With the elevation-dependent initialization value h_ad_iw, a defective adaptation for a rapid change from higher to lower elevation is avoided without intermediate adaptation. The short-time adaptation value, which is determined by means of the adaptation integrator, is formed proceeding from the elevation-dependent initialization value h_ad_iw via addition of a pregiven start adaptation lead value and the instantaneously valid stored long-time adaptation value lza_gw. The sum forms the start value for the adaptation integrator of the short-time adaptation. As described, the minimum short-time adaptation value is then stored as the smallest occurring value of the adaptation integrator less the elevation-dependent initialization value h_ad_iw as adaptation minimum base value ad_g_min_1. The pregiven start adaptation lead value functions as a buffer during the warm-up phase of the engine 1 because, after the start, only a short-time adaptation is permitted downwardly, that is, to lower values. Outside of the warm-up phase, a short-time adaptation upwardly is also permissible. That short-time adaptation value is used as an actuating value for the adjustment of the throttle flap 10 which results as output of the adaptation integrator of the short-time adaptation. The lower the short-time adaptation value, the smaller is also the degree of opening of the throttle flap 10. In this way, the position of the throttle flap 10 considers the instantaneous operating state. The long-time adaptation forms the basis in the short-time adaptation in the manner described. For this reason, longer-term influence quantities on the position of the throttle flap 10 are considered in the formation of the short-time adaptation value and therefore for the drive of the throttle flap 10. With the diagnostic method of the invention, defective states based on leakages can be detected before, for example, permanent deviations of the actual value of the engine rpm from the desired value occur, for example, in an idle operating state. For the diagnosis, no additional sensor means is required. With the diagnosis, it is possible to display the fault condition of the engine 1 to the driver of a motor vehicle so that the driver can look for a service or maintenance facility. The diagnostic method of the invention can also be used as an independent control of a diagnosis of leakages carried out with the aid of air mass sensor 55 in the manner described. Finally, statutory diagnostic requirements are satisfied with the diagnostic method according to the invention.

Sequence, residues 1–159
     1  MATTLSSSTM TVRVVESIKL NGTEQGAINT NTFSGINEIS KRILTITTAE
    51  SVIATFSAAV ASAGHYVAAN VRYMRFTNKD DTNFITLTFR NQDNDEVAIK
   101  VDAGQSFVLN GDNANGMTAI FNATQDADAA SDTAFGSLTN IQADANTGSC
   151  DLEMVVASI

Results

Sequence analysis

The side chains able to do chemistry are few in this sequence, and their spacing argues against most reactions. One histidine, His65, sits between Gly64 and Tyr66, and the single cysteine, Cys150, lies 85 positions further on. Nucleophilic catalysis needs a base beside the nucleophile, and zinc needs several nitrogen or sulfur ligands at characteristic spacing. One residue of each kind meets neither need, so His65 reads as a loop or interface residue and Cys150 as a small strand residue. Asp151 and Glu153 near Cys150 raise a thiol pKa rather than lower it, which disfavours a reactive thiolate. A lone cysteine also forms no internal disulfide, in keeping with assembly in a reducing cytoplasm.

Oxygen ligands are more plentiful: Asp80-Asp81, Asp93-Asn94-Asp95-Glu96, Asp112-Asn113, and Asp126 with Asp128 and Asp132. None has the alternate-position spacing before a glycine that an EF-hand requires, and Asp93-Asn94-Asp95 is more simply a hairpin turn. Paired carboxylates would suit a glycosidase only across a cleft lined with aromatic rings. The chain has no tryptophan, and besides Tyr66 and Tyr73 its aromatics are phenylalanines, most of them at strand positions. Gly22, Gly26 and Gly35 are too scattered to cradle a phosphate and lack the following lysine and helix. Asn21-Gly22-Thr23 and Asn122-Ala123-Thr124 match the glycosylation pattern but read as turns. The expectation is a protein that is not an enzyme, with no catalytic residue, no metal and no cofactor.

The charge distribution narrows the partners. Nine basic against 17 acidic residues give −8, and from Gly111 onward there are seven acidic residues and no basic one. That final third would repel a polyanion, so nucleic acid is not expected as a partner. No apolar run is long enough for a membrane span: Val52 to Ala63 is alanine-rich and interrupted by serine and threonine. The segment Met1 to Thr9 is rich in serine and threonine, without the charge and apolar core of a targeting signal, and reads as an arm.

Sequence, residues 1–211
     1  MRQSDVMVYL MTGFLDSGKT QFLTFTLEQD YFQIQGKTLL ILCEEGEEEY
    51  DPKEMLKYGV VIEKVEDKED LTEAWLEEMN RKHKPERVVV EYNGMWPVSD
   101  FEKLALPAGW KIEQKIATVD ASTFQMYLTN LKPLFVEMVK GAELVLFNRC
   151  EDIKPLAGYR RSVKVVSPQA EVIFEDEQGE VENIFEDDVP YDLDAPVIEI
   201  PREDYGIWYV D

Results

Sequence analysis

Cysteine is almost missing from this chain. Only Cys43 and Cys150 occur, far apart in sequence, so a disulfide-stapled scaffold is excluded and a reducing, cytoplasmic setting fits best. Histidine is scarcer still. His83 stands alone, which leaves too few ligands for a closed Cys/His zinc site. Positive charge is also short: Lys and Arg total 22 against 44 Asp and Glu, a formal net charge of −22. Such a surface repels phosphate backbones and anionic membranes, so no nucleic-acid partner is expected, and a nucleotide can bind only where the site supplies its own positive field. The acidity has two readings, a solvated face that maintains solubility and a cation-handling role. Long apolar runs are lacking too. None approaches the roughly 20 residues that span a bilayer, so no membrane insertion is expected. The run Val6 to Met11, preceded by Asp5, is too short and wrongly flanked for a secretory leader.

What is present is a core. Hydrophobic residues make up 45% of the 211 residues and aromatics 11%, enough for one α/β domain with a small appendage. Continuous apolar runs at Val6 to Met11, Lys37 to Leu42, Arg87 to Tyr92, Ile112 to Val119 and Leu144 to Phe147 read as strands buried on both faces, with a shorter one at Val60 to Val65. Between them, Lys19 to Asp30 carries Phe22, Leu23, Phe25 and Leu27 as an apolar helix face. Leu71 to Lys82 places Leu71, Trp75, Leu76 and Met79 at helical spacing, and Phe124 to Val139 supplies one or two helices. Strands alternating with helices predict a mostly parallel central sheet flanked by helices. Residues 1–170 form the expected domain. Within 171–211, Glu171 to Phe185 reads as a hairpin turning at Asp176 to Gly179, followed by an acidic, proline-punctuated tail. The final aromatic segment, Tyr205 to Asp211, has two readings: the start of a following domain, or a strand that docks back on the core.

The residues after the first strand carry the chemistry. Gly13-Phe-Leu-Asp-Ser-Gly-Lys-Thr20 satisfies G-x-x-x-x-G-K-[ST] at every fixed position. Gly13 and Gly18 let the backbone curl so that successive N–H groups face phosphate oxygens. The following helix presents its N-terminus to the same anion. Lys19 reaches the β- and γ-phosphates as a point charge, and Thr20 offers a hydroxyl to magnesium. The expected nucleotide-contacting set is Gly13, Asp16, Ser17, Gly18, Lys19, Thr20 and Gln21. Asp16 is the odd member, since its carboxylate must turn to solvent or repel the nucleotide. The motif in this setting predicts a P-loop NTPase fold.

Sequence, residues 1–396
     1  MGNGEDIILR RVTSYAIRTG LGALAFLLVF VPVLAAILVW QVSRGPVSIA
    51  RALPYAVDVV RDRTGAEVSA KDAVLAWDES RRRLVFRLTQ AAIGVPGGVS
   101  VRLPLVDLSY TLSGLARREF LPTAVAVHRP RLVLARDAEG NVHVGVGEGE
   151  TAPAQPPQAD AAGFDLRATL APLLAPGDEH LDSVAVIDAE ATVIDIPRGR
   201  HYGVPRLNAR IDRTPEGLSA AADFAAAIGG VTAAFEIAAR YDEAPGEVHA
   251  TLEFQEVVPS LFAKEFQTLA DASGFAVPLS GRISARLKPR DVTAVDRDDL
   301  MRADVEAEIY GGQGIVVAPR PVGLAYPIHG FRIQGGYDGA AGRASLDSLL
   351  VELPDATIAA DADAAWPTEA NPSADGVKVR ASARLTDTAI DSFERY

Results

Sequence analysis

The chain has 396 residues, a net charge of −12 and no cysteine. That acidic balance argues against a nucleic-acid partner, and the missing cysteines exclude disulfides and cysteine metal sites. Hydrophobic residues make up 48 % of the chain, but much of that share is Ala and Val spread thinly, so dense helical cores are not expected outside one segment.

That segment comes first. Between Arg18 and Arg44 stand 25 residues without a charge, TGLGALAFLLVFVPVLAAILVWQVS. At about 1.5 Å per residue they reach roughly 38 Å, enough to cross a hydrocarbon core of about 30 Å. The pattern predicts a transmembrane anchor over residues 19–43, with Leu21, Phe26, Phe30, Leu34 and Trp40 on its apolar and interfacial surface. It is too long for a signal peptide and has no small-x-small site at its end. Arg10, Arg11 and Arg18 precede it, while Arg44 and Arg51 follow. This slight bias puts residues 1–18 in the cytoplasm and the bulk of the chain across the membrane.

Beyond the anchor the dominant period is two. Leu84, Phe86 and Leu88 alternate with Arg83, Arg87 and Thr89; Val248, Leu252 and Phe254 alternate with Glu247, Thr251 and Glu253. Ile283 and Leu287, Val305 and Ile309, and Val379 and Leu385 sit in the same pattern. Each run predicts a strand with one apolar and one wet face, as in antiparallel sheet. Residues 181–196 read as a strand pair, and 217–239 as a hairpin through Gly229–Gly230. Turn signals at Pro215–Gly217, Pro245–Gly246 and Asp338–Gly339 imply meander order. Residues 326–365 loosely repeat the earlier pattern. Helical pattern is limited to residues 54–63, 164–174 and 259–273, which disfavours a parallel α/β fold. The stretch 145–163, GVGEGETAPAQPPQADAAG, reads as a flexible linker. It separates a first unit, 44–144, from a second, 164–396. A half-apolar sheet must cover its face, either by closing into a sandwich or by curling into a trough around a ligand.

It is understood that the foregoing description is that of the preferred embodiments of the invention and that various changes and modifications may be made thereto without departing from the spirit and scope of the invention as defined in the appended claims.

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Referenced by
Citing PatentFiling datePublication dateApplicantTitle
US7464695 *Jul 27, 2007Dec 16, 2008Gm Global Technology Operations, Inc.Throttle body restriction indicator
US8128003 *Nov 14, 2006Mar 6, 2012Robert Bosh GmbhBurner for heating a catalytic converter with open-loop or closed-loop controlled fuel delivery
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Classifications
U.S. Classification73/114.32, 73/49.7, 73/114.31, 73/40, 702/51
International ClassificationF02D31/00, F02D41/22, F02M25/06, F02M25/08, F02D41/24, F01M13/02, F02D41/00
Cooperative ClassificationF02M25/06, F02D41/2464, F02D31/003, F02D41/0002, F01M13/022, F02D41/248, F02M25/08, Y02T10/42, F02D2041/225, F02D41/22
European ClassificationF02D41/24D4L10D, F02D41/22, F01M13/02N2, F02M25/08, F02M25/06, F02D31/00B2B, F02D41/00D
Legal Events
DateCodeEventDescription
Feb 4, 2013FPAYFee payment
Year of fee payment: 8
Jan 29, 2009FPAYFee payment
Year of fee payment: 4
Feb 13, 2004ASAssignment
Owner name: ROBERT BOSCH GMBH, GERMANY
Free format text: ASSIGNMENT OF ASSIGNORS INTEREST;ASSIGNORS:BEYER, HANS-ERNST;KASTNER, FRANK;REEL/FRAME:014982/0073
Effective date: 20040126
Owner name: ROBERT BOSCH GMBH ROBERT-BOSCH-PLATZ 170839 GERLIN
Free format text: ASSIGNMENT OF ASSIGNORS INTEREST;ASSIGNORS:BEYER, HANS-ERNST /AR;REEL/FRAME:014982/0073